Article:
Num banhchok

From Wikipedia, the free encyclopedia
Num banhchok
Num Banh Chok.jpg
Alternative namesNum Banh Chok, Cambodian rice noodles,[1] Khmer noodles, nom panchok, nom pachok, noum bahnchok, num panchok, num pachok[2]
CourseBreakfast or sometimes lunch
Place of originCambodia
Region or stateSoutheast Asia
Associated cuisineCambodia
Serving temperatureWarm to room temperature[2]
Main ingredientsLightly-fermented rice noodles, yellow kroeung, prahok, freshwater fish, coconut milk/coconut cream, bean sprouts, cucumber, water lily stems, and wing beans
Variationsnum banhchok samlar kari, num banhchok namya, num banhchok Kampot, num banhchok tuek mrech, num banhchok samla yuon, num banhchok sras
Similar dishesmohinga, khanom chin, mixian

Num banhchok (Khmer: នំបញ្ចុក, num bânhchŏk [nom ɓaɲcok]) are lightly-fermented Cambodian rice noodles and a breakfast noodle dish.[2] There are many regional variations of num banhchok across the country.[3]

Preparation[edit]

A variation of num banhchok with a red curry (samlar kari) base

The num banhchok are made by soaking the rice for 2–4 hours and grinding them into a liquidy paste. The paste is pressed into round shapes and dried inside calico bags. Then it is pulverized and turned into a viscous paste, which is extruded into boiling water. The noodles are boiled for 3–4 minutes and transferred to cold water.[4]

In folklore[edit]

Num banhchok is featured in a popular Khmer folk legend about an influential revolutionary and scholar Thonchey. Thonchey was exiled to China by the Khmer king, where Thonchey began making num banhchok as a way to make a living. The dish quickly gained popularity among the Chinese and eventually attracted even the attention of the Chinese emperor. The emperor summoned Thonchey to bring num banhchok to his palace. Thonchey arrived and while the emperor was tasting the dish Thonchey managed to see the emperor's face, insulted him and was immediately thrown into jail. Soon Thonchey managed to get released and returned to the Khmer Empire.[3]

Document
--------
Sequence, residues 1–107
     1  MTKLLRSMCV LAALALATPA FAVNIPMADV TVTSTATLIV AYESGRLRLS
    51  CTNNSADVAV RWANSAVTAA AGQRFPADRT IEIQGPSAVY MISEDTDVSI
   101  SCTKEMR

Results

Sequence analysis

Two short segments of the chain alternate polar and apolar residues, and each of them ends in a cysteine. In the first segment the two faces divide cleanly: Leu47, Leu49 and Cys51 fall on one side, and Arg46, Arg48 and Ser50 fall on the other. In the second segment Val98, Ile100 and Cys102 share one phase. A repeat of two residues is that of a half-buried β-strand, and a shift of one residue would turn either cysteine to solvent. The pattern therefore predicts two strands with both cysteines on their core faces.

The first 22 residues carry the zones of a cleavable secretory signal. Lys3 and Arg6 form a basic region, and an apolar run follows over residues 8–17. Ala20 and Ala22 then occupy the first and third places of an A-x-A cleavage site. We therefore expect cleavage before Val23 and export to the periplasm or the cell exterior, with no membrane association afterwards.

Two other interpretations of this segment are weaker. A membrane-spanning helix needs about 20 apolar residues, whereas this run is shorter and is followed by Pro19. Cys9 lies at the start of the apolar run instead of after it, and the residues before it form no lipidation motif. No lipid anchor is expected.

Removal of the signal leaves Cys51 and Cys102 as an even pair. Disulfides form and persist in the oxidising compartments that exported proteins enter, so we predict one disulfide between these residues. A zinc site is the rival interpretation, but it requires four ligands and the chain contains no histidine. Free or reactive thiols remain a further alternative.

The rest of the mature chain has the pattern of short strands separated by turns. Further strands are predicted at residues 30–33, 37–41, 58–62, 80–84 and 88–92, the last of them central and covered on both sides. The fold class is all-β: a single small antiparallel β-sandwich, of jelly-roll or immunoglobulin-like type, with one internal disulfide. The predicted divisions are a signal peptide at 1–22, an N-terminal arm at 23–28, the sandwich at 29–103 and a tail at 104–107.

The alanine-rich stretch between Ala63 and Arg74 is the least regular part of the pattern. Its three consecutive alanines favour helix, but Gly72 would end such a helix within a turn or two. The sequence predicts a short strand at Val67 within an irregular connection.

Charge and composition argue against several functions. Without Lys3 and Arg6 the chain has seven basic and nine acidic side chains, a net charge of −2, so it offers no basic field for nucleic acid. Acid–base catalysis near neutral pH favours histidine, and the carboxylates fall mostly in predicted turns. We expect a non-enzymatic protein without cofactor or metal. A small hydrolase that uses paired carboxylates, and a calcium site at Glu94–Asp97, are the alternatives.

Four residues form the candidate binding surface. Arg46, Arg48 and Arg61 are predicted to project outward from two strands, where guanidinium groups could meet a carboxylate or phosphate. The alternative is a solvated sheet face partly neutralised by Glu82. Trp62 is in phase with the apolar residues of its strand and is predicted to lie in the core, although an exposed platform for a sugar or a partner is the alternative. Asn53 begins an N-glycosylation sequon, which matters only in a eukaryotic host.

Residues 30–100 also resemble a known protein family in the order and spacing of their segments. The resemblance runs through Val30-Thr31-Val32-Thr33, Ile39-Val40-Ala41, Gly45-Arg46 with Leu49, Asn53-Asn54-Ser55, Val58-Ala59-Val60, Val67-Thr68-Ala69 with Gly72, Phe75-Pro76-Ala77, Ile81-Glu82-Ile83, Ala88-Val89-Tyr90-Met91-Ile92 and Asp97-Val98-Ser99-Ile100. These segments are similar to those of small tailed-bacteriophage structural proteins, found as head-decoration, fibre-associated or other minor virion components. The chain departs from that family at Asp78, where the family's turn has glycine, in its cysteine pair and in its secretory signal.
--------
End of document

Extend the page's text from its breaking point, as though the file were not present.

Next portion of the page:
In politics[edit]

In May 2019 the National Police began detaining former members and supporters of the dissolved Cambodia National Rescue Party (CNRP) for attending noodle dinners[5] that were deemed as political gatherings. In response co-founder of the CNRP Sam Rainsy called all Cambodians to gather for a bowl of num banhchok on 9 June "for the sake of friendship in the framework of the entire, giant Cambodian family."[6]

His calls were soon followed by the Prime Minister Hun Sen who appealed to the members of his Cambodian People's Party to also gather the same day and eat "Khmer noodles of unity and solidarity",[7] but denied it being a step towards negotiations with the opposition.[8] It was estimated by Sen that from 7 to 8 million people would take part in the eating of num banhchok on 9 June.[9]

Sen also proposed launching a promotional campaign for Cambodian food and culture,[6] and two months later Ministry of Tourism and Ministry of Culture and Fine Arts began preparing an application for the inclusion of num banhchok in the UNESCO Intangible Cultural Heritage Lists.[10]

References[edit]

  1. ^ Sao Sopheak, ed. (2020). The Taste of Angkor. Ministry of Foreign Affairs and International Cooperation of Cambodia. p. 32. ISBN 978-9924-9486-0-5.
  2. ^ a b c Dunston, Lara. "Nom Banh Chok Fermented Rice Noodles Are Cambodia in a Bowl". Grantourismo Travels. Retrieved 7 January 2021.
  3. ^ a b Goldberg, Lina (5 March 2013). "Khmer noodles: The story of num banh chok". Move to Cambodia. Retrieved 7 January 2021.
  4. ^ Khat, Leakhena (4 November 2017). "Num Banh Chok: More Than Just Rice Noodles to Khmer (video)". AEC News Today. Retrieved 14 November 2020.
  5. ^ "Cambodia Cracking Down on Noodle Dinners Attended by Opposition Supporters". Radio Free Asia. 23 May 2019. Retrieved 14 November 2020.
  6. ^ a b Sopheng, Cheang (10 June 2019). "Near-erasure of Cambodian opposition makes noodles a target". Associated Press. Retrieved 14 November 2020.
  7. ^ Chheng, Niem (4 June 2019). "Eat 'Khmer noodles of solidarity', PM urges". The Phnom Penh Post. Retrieved 14 November 2020.
  8. ^ Savi, Khorn (7 June 2019). "Khmer noodle movement not for CNRP talks, says PM". The Phnom Penh Post. Retrieved 14 November 2020.
  9. ^ Sophirom, Khan (6 June 2019). "7-8 Million People Expected To Eat Num Banh Chok This Weekend". Agence Kampuchea Press. Retrieved 14 November 2020.
  10. ^ Chakrya, Khouth Sophak (22 August 2019). "Ministries seeking heritage status for Num Banh Chok". The Phnom Penh Post. Retrieved 14 November 2020.

External links[edit]